... when I began to write. It was November 1st... the day I wrote the first words (Once upon a time... ) of my now famous novel, Robbin' Hood: He stole from the rich and gave at the office.
It was NaNoWriMo--National Novel Writing Month--when lots of writers around the world vow to put at least 50,000 words on paper by the last day of November.
Many don't make it. Last year I killed-off all of my characters before the ides of November. Some writers can't get that very important first sentence... 'the grabber,' just right. It's as if they were trying to win the Bulwer-Lytton Fiction contest for the worst first sentence ever... like these did:
"Toads of glory, slugs of joy," sang Groin the dwarf as he trotted jovially down the path before a great dragon ate him because the author knew that this story was a train wreck after he typed the first few words.
Leopold looked up at the arrow piercing the skin of the dirigible with a sort of wondrous dismay -- the wheezy shriek was just the sort of sound he always imagined a baby moose being beaten with a pair of accordions might make.
Like a mechanic who forgets to wipe his hands on a shop rag and then goes home, hugs his wife, and gets a grease stain on her favorite sweater - love touches you, and marks you forever.
As a scientist, Throckmorton knew that if he were ever to break wind in the echo chamber, he would never hear the end of it.
Andre, a simple peasant, had only one thing on his mind as he crept along the East wall: 'Andre creep... Andre creep... Andre creep.'
Although Sarah had an abnormal fear of mice, it did not keep her from eeking out a living at a local pet store.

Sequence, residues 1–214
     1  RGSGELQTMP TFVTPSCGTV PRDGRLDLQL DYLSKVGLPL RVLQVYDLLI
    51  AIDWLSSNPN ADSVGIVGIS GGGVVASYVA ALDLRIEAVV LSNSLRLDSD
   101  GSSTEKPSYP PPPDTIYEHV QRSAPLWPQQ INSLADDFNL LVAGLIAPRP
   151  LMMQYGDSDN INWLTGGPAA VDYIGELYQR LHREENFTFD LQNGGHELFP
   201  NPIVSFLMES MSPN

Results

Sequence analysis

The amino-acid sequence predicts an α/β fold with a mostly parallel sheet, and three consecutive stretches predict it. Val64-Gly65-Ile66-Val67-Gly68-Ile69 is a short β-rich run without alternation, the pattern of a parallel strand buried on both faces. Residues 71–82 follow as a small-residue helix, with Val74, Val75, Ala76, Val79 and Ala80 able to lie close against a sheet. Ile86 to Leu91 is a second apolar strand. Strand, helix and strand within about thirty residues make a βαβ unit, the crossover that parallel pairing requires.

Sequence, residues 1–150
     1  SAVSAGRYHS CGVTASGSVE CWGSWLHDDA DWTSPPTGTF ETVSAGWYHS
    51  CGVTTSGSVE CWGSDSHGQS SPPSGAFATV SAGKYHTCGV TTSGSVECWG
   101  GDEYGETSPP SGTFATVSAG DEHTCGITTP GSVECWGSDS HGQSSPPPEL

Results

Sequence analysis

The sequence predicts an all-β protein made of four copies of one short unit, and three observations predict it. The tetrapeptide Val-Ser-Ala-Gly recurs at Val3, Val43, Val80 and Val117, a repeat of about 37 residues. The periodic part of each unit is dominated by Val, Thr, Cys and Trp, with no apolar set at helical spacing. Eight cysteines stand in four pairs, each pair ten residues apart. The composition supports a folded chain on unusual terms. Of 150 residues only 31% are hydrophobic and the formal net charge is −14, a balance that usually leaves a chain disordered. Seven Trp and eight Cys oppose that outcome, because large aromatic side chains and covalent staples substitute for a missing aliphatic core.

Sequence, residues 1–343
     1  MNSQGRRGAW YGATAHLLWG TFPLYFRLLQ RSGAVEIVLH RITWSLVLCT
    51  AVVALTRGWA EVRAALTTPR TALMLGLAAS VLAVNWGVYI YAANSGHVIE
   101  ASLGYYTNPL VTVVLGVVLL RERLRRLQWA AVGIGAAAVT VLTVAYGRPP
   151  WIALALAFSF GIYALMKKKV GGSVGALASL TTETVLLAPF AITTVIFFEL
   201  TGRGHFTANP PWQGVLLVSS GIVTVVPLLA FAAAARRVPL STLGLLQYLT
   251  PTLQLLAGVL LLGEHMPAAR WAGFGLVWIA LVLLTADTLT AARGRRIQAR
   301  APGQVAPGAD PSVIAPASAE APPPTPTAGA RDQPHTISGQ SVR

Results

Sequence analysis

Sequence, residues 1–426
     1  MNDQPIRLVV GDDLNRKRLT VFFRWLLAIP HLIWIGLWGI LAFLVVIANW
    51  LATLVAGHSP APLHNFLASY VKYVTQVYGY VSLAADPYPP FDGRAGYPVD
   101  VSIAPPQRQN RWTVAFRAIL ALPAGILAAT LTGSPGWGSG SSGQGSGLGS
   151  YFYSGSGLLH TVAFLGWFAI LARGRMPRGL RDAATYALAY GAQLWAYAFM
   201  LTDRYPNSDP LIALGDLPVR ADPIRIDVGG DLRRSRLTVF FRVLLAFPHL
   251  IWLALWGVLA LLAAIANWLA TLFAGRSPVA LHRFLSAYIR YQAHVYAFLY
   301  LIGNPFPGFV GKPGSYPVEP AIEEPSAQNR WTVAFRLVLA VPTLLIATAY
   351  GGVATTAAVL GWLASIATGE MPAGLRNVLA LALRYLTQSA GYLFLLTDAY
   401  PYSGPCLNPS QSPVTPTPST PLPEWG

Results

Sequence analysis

Stanley looked quite bored and somewhat detached, but then, penguins often do.
Like an over-ripe beefsteak tomato rimmed with cottage cheese, the corpulent remains of Santa Claus lay dead on the hotel floor.
Mike Hardware was the kind of private eye who didn't know the meaning of the word 'fear'; a man who could laugh in the face of danger and spit in the eye of death -- in short, a moron with suicidal tendencies.
Well, I tell you, it's really not hard to write a novel, it's just hard to make it good enough for anyone but a close relative or someone who REALLY loves you, to want to read. Here's why I write short stories:
- You don't have to remember your characters for the next day of writing, because there isn't any.
- You don't loose sleep over what you will say in Chapter II.
- You don't have to overwhelmingly burden anyone who HAS to read it because they love you. It only takes a little burden... sort of like having a zit instead of an amputation.
- You don't develop carpal tunnel syndrome--that's for suckers.
- You don't excessively use $75 worth of ink for your printer, or waste reams of paper that would be wadded up on the floor because you missed the waste basket.
- Your title can be as long as you want because hey, what's a few dozen extra words if there aren't many in the first place.
- You can finish it before you die.